And the reason sorting by mtime doesn’t work in my case is because often, I extract archives into the same folder I downloaded them into (because why would I bother making a separate directory), and the mtime on files inside the archive don’t match the mtime of the archive itself. Okay, maybe this is a 7z specific problem and the standard Windows ZIP extractor actually updates the mtimes so this doesn’t happen. I haven’t checked, because most of my archives aren’t ZIP. That’s what I get for interacting archive formats other than classic ZIP, I guess.

How Do You Fix It?

How do you fix your downloads folder always being sorted in a way you don’t want it sorted? There’s gotta be some setting squirreled away in the Settings app or something, right? Right?

Wrong. You have to edit the registry. And the registry path you have to edit has a GUID in it, for some incomprehensible reason, so it’s a small miracle I was even able to find this on Google after searching through pages of “just View > Group By > None, 5head”.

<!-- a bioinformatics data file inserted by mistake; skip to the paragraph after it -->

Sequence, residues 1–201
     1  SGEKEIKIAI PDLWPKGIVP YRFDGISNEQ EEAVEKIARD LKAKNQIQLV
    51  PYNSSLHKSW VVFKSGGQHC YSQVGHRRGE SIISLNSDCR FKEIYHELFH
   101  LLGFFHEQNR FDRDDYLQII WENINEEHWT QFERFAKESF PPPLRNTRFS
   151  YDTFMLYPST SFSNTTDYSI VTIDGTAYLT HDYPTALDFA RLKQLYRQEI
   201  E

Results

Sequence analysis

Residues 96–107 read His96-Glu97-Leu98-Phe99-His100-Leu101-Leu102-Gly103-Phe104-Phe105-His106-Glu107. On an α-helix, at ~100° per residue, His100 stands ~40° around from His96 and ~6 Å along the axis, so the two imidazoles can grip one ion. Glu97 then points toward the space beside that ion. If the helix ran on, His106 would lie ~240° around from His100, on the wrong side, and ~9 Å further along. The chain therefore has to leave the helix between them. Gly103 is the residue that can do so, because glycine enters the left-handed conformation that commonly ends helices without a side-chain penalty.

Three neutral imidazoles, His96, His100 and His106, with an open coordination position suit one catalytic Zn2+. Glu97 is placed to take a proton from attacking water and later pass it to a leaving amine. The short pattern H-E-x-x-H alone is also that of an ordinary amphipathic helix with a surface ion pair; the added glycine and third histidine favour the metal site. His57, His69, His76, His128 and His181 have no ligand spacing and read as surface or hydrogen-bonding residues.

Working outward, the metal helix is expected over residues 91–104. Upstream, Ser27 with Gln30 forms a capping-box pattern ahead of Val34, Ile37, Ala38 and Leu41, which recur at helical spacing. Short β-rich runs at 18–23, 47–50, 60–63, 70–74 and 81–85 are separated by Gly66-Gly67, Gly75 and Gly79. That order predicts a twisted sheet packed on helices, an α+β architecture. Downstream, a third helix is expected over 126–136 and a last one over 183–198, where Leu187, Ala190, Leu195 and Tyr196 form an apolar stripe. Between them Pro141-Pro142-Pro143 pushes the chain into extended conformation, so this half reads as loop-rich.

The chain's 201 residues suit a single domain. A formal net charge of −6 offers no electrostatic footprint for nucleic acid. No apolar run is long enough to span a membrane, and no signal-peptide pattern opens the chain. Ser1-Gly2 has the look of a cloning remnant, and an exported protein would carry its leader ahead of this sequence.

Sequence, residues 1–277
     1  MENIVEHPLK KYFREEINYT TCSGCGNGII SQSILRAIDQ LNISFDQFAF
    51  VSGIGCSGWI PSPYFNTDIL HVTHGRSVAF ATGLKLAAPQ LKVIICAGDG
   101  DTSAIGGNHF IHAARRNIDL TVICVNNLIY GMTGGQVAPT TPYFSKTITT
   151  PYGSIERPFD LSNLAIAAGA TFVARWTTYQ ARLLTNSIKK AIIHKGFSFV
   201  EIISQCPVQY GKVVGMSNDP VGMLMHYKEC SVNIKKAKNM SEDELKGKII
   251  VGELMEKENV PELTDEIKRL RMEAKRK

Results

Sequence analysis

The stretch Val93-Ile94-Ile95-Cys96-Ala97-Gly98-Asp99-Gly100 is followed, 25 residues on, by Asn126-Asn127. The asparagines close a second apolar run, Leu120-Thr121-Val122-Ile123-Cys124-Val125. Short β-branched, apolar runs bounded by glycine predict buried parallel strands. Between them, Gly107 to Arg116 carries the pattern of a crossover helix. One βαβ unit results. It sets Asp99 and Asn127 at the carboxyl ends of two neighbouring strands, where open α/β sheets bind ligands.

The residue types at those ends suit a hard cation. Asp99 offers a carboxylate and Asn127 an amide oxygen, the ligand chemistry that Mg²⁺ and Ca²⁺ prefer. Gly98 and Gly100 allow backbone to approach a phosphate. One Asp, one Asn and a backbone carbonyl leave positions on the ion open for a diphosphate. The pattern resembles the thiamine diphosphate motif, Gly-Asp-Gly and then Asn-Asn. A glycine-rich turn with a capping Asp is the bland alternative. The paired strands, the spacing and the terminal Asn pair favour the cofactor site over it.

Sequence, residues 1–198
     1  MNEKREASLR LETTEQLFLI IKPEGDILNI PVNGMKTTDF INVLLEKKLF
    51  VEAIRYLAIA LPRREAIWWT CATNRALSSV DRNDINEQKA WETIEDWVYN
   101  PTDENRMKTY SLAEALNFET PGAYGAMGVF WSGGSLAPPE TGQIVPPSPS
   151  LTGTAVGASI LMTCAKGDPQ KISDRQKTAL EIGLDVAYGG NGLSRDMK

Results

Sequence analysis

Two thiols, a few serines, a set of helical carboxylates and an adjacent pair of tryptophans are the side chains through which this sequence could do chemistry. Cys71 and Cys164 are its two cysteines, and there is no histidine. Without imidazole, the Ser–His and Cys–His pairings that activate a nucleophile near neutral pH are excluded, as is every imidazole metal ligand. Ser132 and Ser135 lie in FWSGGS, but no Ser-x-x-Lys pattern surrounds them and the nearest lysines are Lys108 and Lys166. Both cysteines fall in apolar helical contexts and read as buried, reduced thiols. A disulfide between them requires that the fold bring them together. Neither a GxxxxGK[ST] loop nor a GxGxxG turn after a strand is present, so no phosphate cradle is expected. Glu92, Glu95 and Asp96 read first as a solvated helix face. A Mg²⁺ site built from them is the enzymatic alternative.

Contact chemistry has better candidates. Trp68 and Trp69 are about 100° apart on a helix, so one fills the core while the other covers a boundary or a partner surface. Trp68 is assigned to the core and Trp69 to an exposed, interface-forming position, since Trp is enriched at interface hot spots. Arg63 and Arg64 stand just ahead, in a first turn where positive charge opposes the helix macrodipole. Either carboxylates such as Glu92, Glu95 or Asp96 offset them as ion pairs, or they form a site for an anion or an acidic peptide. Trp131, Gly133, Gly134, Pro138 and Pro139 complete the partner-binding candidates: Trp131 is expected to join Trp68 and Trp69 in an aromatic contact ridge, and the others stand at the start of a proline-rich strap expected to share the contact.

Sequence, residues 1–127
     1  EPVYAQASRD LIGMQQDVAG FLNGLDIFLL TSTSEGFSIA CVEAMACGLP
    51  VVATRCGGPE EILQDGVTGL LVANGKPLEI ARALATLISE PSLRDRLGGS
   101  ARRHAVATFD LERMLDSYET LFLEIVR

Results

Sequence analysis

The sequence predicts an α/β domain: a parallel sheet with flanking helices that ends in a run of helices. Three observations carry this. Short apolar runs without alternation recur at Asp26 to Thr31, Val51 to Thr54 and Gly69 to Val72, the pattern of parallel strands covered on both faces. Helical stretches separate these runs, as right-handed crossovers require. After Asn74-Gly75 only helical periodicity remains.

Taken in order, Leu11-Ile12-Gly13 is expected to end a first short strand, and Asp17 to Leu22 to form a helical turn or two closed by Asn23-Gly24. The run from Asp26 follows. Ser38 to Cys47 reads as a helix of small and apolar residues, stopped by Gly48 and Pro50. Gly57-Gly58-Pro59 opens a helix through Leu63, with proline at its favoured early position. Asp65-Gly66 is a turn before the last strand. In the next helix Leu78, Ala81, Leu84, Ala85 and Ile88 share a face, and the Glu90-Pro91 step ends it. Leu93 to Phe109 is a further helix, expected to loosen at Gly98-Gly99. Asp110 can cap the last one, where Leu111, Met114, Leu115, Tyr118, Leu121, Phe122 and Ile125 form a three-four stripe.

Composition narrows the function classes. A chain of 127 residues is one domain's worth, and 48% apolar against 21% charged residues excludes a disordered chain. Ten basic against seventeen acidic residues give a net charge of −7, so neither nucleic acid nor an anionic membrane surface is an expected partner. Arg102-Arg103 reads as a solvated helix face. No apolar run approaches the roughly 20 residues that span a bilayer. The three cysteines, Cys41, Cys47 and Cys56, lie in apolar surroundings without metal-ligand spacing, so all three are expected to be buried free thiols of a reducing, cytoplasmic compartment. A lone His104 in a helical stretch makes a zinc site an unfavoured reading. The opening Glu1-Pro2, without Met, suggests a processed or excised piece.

Pictured: Google’s apparent opinion of me.

To make matters worse, and you’re not gonna believe this… the particular key in question is owned by TrustedInstaller. If you’ve never had to deal with it before, TrustedInstaller is a special user within Windows that cannot be logged into, or made to run any sort of functions except for a specific set of actions baked into Windows. TrustedInstaller is also a specially privileged user, that outranks even the built in Administrator account that otherwise dominates the top of the Windows security food chain.

Ordinarily, TrustedInstaller owns system files and directories. C:\Windows and the like. Ordinarily, TrustedInstaller being given ownership of a certain file or registry key is done to prevent anybody but Windows itself from making modifications to important system files.

Today, TrustedInstaller has inexplicable ownership of the default Downloads folder settings. This will not last.

Stop Rambling, How Do You Actually FIX It, Nicole?

Open the registry editor (regedit.exe) with your favorite method of launching arbitrary system programs. Navigate to HKEY_LOCAL_MACHINE\SOFTWARE\Microsoft\Windows\CurrentVersion\Explorer\FolderTypes\{885a186e-a440-4ada-812b-db871b942259} (psst, modern regedit has an address bar at the top, just copy and paste). Now, go to the tree view panel on the far left side, and right click that {885a... folder key, and select “Permissions”.